Berwick Artists' Moving Image Residency

Organised in collaboration with Berwick Visual Arts, BFMAF’s annual residency is an opportunity for an artist with a moving-image based practice to create a new work, which is then premiered at the Festival.

The residency is open to artists currently resident in the UK and Europe, or who have permission to work in the UK. Applications for the residency open in late Autumn, and take place between April and October.

Applications for Berwick Artists' Moving Image Residency 2018 have now closed. The successful application will be announced soon. 

2017: Charlotte Prodger

In 2017 Charlotte Prodger developed LHB, a new single-screen work for cinema, made during her residency and premiered at BFMAF 2017.

Her residency in Berwick marked the beginning of an open-ended period of research into an idea of ‘queer rurality’; exploring how queer lives are lived beyond the densely-populated urban contexts that generally dominate LBGTQI narratives, and what happens to the contingent coded signifiers of queer bodies within wildernesses.

2016: Lucy Parker

Lucy Parker developed a new film work for the 2016 Festival, Persuasion. Researched and shot in Berwick, Parker developed the film through meetings with activists and organisers within the community. Within the film, campaign strategies of canvasing, debate, open air speaking and direct action are voiced over a radio broadcast and activities are portrayed through documentation of a meeting to counter a far right demonstration and a staged occupation against cuts to public services.

Parker began her residency by researching characters depicted in 19th century novels for whom an unexplainable spiritual encounter challenges rational empiricism. This crisis is mapped onto a 21st century schism, where challenging the divisive structures of capitalism leads to punishment for those who ‘know too much’.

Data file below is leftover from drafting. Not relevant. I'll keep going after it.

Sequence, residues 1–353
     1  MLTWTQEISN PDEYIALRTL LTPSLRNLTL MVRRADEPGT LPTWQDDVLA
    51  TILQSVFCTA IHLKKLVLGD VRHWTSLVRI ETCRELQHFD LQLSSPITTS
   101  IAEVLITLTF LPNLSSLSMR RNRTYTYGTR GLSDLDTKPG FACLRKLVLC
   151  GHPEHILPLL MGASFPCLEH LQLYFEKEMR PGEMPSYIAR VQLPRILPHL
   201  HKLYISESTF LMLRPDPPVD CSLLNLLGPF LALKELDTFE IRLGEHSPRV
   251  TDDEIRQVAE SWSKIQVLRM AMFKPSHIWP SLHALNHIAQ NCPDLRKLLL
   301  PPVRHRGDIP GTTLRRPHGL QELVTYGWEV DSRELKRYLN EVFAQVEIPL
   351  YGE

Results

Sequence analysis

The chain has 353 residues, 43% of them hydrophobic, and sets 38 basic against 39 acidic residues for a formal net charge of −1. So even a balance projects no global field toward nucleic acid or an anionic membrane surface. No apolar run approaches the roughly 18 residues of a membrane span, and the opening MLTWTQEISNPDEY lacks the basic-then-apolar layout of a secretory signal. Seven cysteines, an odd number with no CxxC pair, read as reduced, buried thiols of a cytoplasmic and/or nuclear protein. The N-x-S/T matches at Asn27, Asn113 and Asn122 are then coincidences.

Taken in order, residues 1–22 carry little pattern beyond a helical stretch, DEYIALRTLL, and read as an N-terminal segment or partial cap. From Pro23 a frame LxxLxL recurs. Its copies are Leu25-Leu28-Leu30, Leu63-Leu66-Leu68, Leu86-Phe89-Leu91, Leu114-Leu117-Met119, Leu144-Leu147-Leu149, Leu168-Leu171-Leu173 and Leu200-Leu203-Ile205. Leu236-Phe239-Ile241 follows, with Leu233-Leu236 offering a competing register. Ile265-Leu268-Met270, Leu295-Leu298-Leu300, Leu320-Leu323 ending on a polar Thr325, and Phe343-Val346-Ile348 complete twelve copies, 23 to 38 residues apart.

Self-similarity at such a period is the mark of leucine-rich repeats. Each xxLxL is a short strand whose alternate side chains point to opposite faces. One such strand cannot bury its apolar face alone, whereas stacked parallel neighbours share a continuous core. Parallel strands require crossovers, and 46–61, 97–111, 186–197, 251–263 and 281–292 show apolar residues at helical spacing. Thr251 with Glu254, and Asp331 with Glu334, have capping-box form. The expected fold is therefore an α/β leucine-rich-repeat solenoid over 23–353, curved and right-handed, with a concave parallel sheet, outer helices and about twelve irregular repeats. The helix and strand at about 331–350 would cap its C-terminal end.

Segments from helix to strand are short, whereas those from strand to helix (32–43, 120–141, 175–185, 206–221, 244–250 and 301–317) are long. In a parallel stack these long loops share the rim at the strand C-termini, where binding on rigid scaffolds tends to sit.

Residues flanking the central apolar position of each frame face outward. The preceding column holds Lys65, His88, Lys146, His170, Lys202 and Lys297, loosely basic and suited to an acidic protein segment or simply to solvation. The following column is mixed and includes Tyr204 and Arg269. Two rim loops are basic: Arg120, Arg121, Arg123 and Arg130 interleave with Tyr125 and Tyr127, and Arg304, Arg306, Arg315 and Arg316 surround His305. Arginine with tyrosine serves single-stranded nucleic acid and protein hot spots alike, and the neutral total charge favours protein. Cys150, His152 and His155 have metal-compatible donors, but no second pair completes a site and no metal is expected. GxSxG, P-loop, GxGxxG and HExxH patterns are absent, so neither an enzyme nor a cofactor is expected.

2015: Paul Rooney

During his residency in Berwick Paul Rooney produced a new film work Still at Large, which formed part of an Instillation at The Custom House during the 2015 Festival. 

Still at Large is an encounter with Holy Island's real and fictional past, including a dreamlike encounter with the shooting of Roman Polanski’s Lindisfarne-set Cul-de-Sac. Nicholas Still presents an essay film about the island, but this is disrupted by a voice which describes a sinister fugitive immersed in the sea who seems to want to recreate the violent climactic scenes of Cul-de-Sac. Is the voice in Still's subconscious, or is it emanating from the landscape, or the sea? Or is it the voice of 'narrative' itself, submerging everything in its sadistic tide?

2014: Kate Davies

Kate Davies used the residency period in Berwick to research the Common Ridings. An ancient tradition designed to preserve boundaries. Davies filmed hundreds of personal stories of participants involved in this historical event and produced a new film The Lawes of the Marches which was displayed alongside previous works by the artist at Gymnasium Gallery. 

2013: Cecilia Stenbom

Using the residency period to explore the boundaries between narrative fiction and experimental media. Cecilia Stenbom produced a new film work The Case, that was shot in and around Berwick-upon-Tweed and reenacted transcribed recordings in which members of the general public in Berwick were invited to talk about their perception of crime, potential for violence and popular crime drama. 

The Case premiered at the 2013 edition of the festival.

Trailer

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